The Churchill Downs spring meet is back on schedule, set for opening day on Saturday (April 24). Upon opening, the iconic track will become one of horse racing’s top simulcast signals.
Churchill’s live racing will be held on a mainly four-day-a-week schedule (Thursdays-Sundays) through June 26. The exception, naturally, is Derby Week, which runs from Tuesday-Saturday. The Kentucky Derby 2021 is Saturday, May 1.
But before we get wrapped up in Derby-mania, here are some track trends for handicappers planning on early success at Churchill Downs.
Both racing surfaces, the main track and the turf course, are rather unique in that each has its own quirks handicappers need to understand.
The main track is often regarded as a very “cuppy” surface, meaning the track does not retain enough moisture to hold the sand together. This causes the track to break away from under horse’s feet resulting in footing that some horses love, and others hate.
This factor makes Churchill one of the tracks where the horses-for-courses angle means the most. The track is more likely to be faster and conducive to speed in the summer when temperatures and humidity are higher. Early in the meet, the track is likely to play slower. Speed horses may not excel as much early in the meet as they do as the calendar progresses.
The turf course is also sand based, making its composition different from most other turf courses with the exceptions of Keeneland and the Fair Grounds. Chances are, if a horse has recently run well on the turf at either of those tracks, that horse’s form will be more reliable at Churchill than turf horses shipping in from elsewhere. The Churchill turf, just like the dirt, is another place where you’ll want to heavily weigh a horse’s past performances specifically on the home track’s oval.
Churchill Downs dirt mile races are run around one turn and play more like sprints than routes. Unless a horse is already a proven one-turn miler, horses stretching from 7 furlongs will do better in those mile races than horses trying to cut back from two-turn route races.
As a Churchill handicapper, you also must make yourself acutely aware of any inside/outside biases happening at any given meet, and you must pay attention to the rail path because the rail seems particularly susceptible to mostly negative track biases. Keep an eye on how inside-drawn horses are doing at the meet and adjust your handicapping accordingly.
The turf course is generally fair to horses breaking from all post positions no further out than post 8. Posts further outside than post 8 are at a bit of a disadvantage. The turf distance that is most affected by post positions is a flat mile, where the win percentages for outside posts drop to an extremely poor average of 3-4% each. Take note also, that at a mile, middle posts 4-7 tend to be the best at that distance.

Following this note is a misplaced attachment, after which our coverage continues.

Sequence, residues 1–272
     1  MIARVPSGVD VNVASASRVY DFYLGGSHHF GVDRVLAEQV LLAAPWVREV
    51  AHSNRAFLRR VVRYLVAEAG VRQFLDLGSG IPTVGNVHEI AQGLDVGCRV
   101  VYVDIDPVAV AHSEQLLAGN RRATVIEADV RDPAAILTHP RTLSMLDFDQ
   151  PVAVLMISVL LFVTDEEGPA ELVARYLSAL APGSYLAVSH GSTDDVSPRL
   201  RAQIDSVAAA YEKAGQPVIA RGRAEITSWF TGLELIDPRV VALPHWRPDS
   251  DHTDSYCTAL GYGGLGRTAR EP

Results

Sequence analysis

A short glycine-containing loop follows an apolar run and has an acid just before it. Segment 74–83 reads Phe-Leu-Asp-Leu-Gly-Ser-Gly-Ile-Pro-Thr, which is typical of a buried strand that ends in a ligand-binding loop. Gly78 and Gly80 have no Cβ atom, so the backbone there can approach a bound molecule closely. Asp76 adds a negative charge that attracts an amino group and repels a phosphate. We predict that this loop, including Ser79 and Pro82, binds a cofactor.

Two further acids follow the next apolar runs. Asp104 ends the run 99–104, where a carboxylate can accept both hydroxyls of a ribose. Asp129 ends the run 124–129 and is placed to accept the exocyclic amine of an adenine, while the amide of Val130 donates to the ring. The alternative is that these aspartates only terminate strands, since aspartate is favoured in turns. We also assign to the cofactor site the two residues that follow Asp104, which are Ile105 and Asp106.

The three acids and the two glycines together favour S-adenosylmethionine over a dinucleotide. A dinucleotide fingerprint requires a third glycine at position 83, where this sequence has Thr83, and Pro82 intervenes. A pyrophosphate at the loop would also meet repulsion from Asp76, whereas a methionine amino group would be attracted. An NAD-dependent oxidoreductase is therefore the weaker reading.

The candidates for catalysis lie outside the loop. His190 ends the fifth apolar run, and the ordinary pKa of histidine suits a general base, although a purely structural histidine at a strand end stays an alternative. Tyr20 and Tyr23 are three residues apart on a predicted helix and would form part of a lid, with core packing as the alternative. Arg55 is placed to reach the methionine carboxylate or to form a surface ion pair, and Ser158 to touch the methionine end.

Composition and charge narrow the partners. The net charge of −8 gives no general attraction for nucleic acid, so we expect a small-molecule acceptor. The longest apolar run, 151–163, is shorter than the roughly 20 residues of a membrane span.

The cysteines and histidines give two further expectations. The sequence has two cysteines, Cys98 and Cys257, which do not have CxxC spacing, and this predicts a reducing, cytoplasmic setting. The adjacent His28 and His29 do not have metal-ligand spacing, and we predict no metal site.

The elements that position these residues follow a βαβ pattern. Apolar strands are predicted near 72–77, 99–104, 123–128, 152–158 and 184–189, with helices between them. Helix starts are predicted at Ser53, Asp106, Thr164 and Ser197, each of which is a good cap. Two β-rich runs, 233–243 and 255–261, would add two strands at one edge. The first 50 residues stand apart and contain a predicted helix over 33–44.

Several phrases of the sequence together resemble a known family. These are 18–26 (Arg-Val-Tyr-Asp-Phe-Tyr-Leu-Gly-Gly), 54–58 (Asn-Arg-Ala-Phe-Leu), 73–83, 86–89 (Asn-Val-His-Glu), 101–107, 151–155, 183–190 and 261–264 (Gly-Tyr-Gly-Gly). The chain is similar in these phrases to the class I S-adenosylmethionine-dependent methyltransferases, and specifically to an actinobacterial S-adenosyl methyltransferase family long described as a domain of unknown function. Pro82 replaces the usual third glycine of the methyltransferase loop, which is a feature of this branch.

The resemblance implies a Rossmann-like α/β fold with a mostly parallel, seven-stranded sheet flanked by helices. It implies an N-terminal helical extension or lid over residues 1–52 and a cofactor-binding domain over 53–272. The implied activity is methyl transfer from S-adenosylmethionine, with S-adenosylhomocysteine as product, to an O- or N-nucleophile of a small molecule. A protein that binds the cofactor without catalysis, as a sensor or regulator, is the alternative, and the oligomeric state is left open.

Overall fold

Even more so than post positions, the main thing you’ll want to take into account on the Churchill Downs lawn is a horse’s running style. Churchill’s turf course favors mid-pack pace-pressers and stalkers strongly over all other running styles. Early leaders generally have a difficult time going wire-to-wire on this turf course, and the deepest of closers have a tough time getting up in time to win. This analysis is especially true in 1-mile turf races, where early speed horses win less than 10% of the time, and closers coming from further than 10 lengths behind win even less. The ideal winning profile in Churchill turf routes is a stalker that runs about four lengths off the pace at the first call (half-mile), and 2 1/2 lengths behind at the second call (6-furlong mark).
In Churchill’s short turf sprints, early speed certainly comes in handy, but it is not a must to be successful. Many of the best turf sprinters that show up at Churchill will be coming up from winter stints at Gulfstream, and these horses should hold an advantage over local horses returning from layoffs early at the meet. Gulfstream’s turf sprints strongly favor speed horses, so if you see stalkers or closers arriving in these races off recent losses at Gulfstream, you might want to upgrade those horses at Churchill because their running style plays better here. Plus, these horses might be overlays based on Gulfstream losses where they ran out of real estate chasing speedy front-running winners.
Noel Michaels has been involved in many aspects of thoroughbred racing for more than two decades, as a Breeders’ Cup-winning owner and as a writer, author, handicapper, editor, manager and promoter of the sport for a wide range of companies including Daily Racing Form and Nassau County Off-Track Betting.
He also is regarded as the leading source of news and information for handicapping tournaments and the author of the “Handicapping Contest Handbook: A Horseplayer’s Guide to Handicapping Tournaments”, which made his name virtually synonymous with the increasingly-popular tournament scene.
In addition to contributing to US Racing, he is also an analyst on the Arlington Park broadcast team.